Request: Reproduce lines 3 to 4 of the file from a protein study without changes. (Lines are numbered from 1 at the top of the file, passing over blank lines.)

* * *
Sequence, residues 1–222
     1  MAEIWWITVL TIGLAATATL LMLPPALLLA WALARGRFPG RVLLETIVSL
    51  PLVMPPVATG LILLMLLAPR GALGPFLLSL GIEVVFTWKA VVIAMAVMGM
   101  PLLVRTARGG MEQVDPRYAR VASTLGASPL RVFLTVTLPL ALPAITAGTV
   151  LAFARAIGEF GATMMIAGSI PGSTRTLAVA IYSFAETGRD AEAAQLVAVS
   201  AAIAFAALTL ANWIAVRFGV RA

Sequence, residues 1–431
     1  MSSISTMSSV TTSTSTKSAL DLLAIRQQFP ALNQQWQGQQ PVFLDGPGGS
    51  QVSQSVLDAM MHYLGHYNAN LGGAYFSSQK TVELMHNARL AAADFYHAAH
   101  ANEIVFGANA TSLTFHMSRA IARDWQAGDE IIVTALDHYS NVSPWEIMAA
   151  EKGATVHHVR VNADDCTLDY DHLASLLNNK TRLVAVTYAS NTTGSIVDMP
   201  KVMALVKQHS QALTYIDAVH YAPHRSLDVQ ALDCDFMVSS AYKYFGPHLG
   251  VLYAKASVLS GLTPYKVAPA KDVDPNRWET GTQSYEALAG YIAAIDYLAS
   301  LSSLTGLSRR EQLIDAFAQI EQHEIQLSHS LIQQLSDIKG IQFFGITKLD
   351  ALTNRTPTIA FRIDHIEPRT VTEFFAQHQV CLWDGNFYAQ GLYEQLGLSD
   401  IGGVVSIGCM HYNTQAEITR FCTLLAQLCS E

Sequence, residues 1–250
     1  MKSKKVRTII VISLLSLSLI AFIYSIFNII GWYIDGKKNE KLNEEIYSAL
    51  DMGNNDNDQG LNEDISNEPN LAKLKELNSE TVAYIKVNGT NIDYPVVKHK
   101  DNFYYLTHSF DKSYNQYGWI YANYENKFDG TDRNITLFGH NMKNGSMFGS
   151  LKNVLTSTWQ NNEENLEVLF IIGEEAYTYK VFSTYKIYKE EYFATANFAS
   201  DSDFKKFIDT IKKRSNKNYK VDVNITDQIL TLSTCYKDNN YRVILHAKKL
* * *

    51  PLVMPPVATG LILLMLLAPR GALGPFLLSL GIEVVFTWKA VVIAMAVMGM
   101  PLLVRTARGG MEQVDPRYAR VASTLGASPL RVFLTVTLPL ALPAITAGTV